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Barak, Arafat Meet to 'Break the Ice'

Mideast: Ties between the leaders had cooled recently. Officials hope the two can clear the air ahead of their aides' talks in Washington.

September 26, 2000|TRACY WILKINSON | TIMES STAFF WRITER

JERUSALEM — Under U.S. pressure and cloak of darkness, Israeli Prime Minister Ehud Barak and Palestinian Authority President Yasser Arafat met late Monday for the first time in two months in a bid to break the negotiating deadlock that threatens peace in the Middle East.

It was the first working session the two leaders had held since the ambitious Camp David summit collapsed in late July over seemingly insurmountable disputes involving rival claims to the holy city of Jerusalem, among other issues. Monday's summit came as senior negotiators headed to Washington for a fresh round of talks.

Arafat, traveling by Israeli military helicopter from his headquarters in the Gaza Strip, joined Barak at his private home in the affluent central Israeli town of Kochav Yair. About 30 Jewish settlers opposed to giving land to the Palestinians demonstrated outside as Arafat arrived.

Both Israeli and Palestinian officials said they hoped that the session would diminish the considerable ill will that has grown between the two leaders in recent weeks. In fact, most officials involved spoke more of psychology than real substance.

"Personal contact is very important, and one would hope that [the meeting] can create a better atmosphere," Barak's Cabinet secretary, Yitzhak Herzog, said in an interview. "They can explain their positions, clarify their ideas."

Nabil Shaath, a senior Palestinian negotiator, said his expectations of a real breakthrough were low.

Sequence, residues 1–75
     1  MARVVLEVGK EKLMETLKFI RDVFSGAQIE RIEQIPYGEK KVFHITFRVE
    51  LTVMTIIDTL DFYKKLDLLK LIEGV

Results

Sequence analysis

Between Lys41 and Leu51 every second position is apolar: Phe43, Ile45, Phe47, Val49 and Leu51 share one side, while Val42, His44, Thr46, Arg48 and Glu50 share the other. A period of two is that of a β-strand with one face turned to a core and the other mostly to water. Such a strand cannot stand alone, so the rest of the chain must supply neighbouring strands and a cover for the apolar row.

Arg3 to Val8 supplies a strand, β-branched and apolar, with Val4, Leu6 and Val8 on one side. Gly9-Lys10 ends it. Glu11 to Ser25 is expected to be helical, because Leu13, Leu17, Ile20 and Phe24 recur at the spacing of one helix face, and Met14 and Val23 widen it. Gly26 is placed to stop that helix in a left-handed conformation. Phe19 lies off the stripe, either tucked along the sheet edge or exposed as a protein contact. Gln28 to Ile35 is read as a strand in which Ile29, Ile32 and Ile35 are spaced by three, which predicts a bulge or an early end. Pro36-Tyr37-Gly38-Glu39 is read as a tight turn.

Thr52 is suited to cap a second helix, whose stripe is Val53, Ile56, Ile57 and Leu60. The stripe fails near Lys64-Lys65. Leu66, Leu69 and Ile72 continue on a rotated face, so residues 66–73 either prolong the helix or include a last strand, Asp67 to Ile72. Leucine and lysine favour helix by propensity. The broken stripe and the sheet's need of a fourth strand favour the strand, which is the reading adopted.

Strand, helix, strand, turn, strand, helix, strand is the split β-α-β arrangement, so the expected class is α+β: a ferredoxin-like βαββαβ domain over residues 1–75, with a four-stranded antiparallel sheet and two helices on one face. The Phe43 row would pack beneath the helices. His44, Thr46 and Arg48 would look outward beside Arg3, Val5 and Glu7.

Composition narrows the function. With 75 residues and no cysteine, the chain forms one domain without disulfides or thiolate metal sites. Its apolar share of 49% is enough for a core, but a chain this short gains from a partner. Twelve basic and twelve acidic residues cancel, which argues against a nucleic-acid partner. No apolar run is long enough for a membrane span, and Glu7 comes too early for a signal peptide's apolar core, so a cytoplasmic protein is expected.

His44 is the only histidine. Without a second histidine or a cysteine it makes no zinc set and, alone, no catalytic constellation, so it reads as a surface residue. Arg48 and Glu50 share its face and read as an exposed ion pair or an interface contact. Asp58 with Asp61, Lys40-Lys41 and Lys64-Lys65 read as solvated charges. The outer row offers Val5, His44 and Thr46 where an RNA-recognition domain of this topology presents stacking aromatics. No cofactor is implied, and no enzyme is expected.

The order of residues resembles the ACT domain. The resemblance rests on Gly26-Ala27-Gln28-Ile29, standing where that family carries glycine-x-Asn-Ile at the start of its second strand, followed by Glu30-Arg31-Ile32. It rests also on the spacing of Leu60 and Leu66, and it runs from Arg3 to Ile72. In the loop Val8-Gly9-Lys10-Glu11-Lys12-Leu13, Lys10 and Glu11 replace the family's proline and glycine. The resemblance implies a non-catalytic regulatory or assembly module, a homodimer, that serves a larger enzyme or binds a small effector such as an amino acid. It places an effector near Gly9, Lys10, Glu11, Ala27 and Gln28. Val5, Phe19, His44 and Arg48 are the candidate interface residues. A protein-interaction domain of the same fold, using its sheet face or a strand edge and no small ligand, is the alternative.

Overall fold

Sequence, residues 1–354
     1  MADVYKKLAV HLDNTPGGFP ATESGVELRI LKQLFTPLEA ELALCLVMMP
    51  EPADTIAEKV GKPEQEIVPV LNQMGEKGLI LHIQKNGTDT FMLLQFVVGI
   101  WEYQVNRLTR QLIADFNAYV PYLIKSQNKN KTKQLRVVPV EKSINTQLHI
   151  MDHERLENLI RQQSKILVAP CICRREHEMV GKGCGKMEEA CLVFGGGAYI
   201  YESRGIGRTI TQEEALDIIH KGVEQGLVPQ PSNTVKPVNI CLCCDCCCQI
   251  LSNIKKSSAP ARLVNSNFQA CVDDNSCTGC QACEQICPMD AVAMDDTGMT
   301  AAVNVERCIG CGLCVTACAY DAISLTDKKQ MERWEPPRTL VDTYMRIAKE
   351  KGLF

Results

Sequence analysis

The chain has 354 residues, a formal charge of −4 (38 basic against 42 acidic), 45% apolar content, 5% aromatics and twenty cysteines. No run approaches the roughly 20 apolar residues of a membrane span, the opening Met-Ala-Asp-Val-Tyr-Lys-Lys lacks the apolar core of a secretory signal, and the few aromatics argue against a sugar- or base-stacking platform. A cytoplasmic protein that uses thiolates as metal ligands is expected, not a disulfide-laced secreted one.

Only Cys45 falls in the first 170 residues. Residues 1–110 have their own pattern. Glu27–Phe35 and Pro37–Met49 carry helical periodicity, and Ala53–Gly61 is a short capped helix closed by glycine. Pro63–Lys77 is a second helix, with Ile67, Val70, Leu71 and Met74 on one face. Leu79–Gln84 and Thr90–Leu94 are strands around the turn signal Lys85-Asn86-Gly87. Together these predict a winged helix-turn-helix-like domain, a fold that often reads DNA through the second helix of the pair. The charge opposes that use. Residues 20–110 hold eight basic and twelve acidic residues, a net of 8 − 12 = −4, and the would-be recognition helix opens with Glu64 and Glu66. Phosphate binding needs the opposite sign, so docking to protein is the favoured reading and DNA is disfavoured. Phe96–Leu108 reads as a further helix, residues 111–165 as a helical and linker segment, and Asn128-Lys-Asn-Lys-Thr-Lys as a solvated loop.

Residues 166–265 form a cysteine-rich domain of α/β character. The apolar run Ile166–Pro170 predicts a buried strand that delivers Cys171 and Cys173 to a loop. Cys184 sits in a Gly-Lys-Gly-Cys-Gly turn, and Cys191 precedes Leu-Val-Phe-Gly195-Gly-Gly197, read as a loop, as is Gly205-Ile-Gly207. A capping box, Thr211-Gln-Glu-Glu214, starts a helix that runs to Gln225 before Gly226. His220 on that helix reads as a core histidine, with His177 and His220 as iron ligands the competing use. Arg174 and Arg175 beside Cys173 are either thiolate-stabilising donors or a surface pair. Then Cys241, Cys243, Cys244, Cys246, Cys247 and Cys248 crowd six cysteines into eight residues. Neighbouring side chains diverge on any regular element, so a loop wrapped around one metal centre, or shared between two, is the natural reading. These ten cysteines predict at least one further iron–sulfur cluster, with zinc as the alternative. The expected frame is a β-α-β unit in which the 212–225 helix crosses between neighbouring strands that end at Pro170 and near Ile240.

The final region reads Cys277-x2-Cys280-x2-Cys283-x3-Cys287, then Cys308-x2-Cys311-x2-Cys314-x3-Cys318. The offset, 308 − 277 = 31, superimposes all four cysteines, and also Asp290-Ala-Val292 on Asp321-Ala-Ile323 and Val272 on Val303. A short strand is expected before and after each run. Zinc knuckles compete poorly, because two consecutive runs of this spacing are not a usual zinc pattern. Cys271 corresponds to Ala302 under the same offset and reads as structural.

"I don't have high hopes," Shaath said, "but I think it's good if it breaks the ice and it gets them to understand each other more, and if it somehow produces a favorable environment for serious talk for later, if not tonight."

President Clinton, with hours of personal diligence invested in Middle East diplomacy, is keen to secure a peace deal before he leaves office. Time also is short for Barak, who faces a mutinous parliament that could throw him out of office when it reconvenes next month.

In Washington, American mediators are expected to present a set of "bridging proposals" designed to bring the two sides closer together. Israel has hinted in the last few days that it would accept a peace treaty that put aside the contentious question of Jerusalem for now--or even a deal that would place the Temple Mount under administration of the U.N. Security Council.

Barak's office had issued a statement Monday night saying that the prime minister and Arafat would "exchange opinions" but not engage in meaty negotiation. Still, U.S. mediators frequently have pointed to direct intervention by the two leaders as the only way that progress can be made.

In contrast to their relationship now, Barak and Arafat seemed genuinely warm and friendly during their first meeting 14 months ago after Barak's election. That event at the Erez crossing point between Israel and the Gaza Strip set a tone full of promise that decades of bloody conflict could finally be resolved.

But as core issues came to the table, the prospects of a solution dimmed with the realization of just how painful compromise on both sides would be.

Monday night's meeting came amid a rush of diplomatic activity. Four senior Israeli and Palestinian negotiators were traveling late Monday or early today to Washington for what Israeli television described as a three-day crunch of negotiations before the start of the Jewish new year Friday.

"We don't have an excess of time," Israel's acting foreign minister, Shlomo Ben-Ami, said Monday between lightning trips to Amman and Cairo, where he briefed Jordanian King Abdullah II and Egyptian President Hosni Mubarak. Ben-Ami then joined the Arafat-Barak summit and was to form part of the team going to Washington.

"We are facing what can be defined as the last show of the peace process," he said.

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